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Captain Copyright Targets Kids 430

Posted by Zonk
from the up-in-the-sky-what-is-that dept.
frank249 writes "The Canadian Copyright Licensing Agency has set up a copyright education website called Captain Copyright. There is a section for kids with comic books and a section for teachers for grades 1-3, 3-6 and 6-8. An example of a grade 1 class activity: 'Present the following situation to students: Your friend is downloading a song off the Internet. In comes Captain Copyright. Ask: What do you think Captain Copyright will say? Encourage students to brainstorm. Then hand out (or read) Line Master: Some Copyright Laws.' In Canadian law it is incorrect to download a song unless you pay for it. They also neglect to mention that Canadians pay a tax on blank media that is meant to compensate artists for downloads."
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Captain Copyright Targets Kids

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  • by D4C5CE (578304) on Friday June 02, 2006 @07:20PM (#15458852)
  • Blank Media Levy (Score:4, Informative)

    by 0xA (71424) on Friday June 02, 2006 @07:25PM (#15458887)
    They also neglect to mention that Canadians pay a tax on blank media that is meant to compensate artists for downloads.

    This is incorrect, the blank media levy was designed to compensate artists for people copying CDs and other recordings. The "Download Question" was not seriously considered at the time the levy was introduced and it is a matter of opinion if it applies to downloads.

  • Re:Funny. (Score:5, Informative)

    by DeeKayWon (155842) on Friday June 02, 2006 @07:26PM (#15458891)
    What with this being Canada and all, there's no reason for any two word phrase matching that description to show up. There is reason for one that starts with "Fair" and ends with "dealing" [wikipedia.org], though.

    Canadian law and American law are not the same? Shocker!

  • by FooBarBlatDing (681076) on Friday June 02, 2006 @07:55PM (#15459105)
    They also neglect to mention that Canadians pay a tax on blank media that is meant to compensate artists for downloads.

    Not really. The tax is meant to cover copies made from legitimately obtained originals, as in when your friend loans you his CD or you borrow it from the library. In Canada it has been ruled that the blank media tax covers this and it's legal to copy the CD, whatever the RIAA or whomever may think. I don't think that the download case has been tested.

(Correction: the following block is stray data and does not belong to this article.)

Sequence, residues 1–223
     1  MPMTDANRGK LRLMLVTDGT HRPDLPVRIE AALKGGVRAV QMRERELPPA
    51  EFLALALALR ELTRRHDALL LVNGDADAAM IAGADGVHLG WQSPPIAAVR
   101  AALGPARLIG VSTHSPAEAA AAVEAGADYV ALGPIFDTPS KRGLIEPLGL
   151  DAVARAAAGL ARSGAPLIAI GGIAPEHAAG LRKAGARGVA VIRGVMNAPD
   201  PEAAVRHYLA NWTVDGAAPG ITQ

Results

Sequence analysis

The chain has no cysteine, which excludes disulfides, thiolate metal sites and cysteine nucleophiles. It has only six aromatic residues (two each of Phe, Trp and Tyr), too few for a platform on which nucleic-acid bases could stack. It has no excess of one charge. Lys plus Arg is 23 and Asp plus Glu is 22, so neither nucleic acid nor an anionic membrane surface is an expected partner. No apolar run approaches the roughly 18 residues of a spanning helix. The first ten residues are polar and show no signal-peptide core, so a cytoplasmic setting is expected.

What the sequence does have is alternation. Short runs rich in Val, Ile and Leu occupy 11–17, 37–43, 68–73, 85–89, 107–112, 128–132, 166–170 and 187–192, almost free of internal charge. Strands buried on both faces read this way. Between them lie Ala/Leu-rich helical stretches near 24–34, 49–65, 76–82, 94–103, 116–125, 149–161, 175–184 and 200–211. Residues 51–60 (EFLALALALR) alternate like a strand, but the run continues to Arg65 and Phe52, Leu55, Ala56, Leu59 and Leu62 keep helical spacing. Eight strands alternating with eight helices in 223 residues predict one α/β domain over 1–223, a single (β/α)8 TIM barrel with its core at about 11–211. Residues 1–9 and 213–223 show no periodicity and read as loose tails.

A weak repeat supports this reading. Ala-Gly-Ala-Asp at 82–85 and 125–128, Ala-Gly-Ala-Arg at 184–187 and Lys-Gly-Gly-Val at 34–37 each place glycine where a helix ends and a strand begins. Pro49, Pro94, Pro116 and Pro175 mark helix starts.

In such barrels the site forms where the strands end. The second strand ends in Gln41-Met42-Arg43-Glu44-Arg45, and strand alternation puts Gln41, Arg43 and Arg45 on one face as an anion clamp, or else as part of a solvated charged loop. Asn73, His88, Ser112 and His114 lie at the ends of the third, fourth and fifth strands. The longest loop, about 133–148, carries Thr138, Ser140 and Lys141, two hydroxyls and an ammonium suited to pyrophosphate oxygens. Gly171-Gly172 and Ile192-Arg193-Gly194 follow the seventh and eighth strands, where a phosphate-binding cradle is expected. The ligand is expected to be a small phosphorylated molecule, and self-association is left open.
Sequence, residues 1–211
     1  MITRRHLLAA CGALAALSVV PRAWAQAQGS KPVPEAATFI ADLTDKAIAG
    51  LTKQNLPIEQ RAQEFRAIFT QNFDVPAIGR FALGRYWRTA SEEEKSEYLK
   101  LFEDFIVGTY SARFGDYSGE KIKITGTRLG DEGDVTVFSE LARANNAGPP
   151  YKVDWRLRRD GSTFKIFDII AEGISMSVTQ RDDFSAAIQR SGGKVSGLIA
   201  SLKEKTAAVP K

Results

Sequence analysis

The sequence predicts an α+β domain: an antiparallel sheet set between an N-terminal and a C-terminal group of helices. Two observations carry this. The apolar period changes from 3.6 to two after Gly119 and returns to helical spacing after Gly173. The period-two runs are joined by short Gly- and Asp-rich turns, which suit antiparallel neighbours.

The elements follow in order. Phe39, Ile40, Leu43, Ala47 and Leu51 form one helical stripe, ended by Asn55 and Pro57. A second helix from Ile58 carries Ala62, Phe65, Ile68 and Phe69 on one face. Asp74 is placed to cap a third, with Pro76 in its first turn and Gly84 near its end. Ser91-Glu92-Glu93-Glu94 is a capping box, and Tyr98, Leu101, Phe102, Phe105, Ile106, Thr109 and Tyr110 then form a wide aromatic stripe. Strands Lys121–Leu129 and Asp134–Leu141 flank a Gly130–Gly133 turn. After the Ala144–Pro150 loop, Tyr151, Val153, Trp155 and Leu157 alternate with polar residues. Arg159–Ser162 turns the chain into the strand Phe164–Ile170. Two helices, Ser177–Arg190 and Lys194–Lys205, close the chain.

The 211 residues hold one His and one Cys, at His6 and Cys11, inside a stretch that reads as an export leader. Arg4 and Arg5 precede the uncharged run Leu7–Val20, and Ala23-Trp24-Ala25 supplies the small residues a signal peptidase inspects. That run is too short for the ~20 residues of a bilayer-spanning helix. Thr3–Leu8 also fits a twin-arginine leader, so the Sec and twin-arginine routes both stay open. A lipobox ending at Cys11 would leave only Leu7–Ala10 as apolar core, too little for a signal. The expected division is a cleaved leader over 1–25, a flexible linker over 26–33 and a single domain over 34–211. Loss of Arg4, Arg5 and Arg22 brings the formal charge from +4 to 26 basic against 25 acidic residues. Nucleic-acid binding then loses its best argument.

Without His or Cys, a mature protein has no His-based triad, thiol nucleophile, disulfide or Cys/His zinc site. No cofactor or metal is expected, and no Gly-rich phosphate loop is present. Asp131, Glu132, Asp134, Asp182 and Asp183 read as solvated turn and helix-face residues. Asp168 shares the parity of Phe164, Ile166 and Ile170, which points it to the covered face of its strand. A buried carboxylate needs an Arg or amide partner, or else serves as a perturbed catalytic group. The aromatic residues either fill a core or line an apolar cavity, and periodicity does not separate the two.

I agree with the previous poster who pointed out that there is no reason for this to appear in curriculum except private interests. Having them drive curriculum is dangerous and inappropriate.

    Foo

  • by Anonymous Coward on Friday June 02, 2006 @08:53PM (#15459417)
    Don't be ridiculous.

    In 2005, the movie industry's total domestic revenue [boxofficemojo.com] was a bit shy of $9 billion.

    Intel Corporation's revenue in the same period [google.com] was almost $39 billion.

    So that's one company in one sector of the economy (albeit a big one) makes, all by itself, over four times what the entire movie industry makes.

    While we're here, let's toss off some other revenue figures: IBM earned over $91 billion, Microsoft nearly $40 billion, General Motors almost two hundred billion dollars. GM lost more money last year than the movie industry earned in total (not counting expenses), and barely noticed.

    The Copyright Cartel has done an excellent job as portraying itself as a critical industry, but don't be fooled. They are, at best, a miniscule piece of the American economy.

    Software is somewhat of a different story, but they have their own ridiculousness (BSA), and you'll notice that of the companies cited, only one of them makes most of their money because of software copyrights.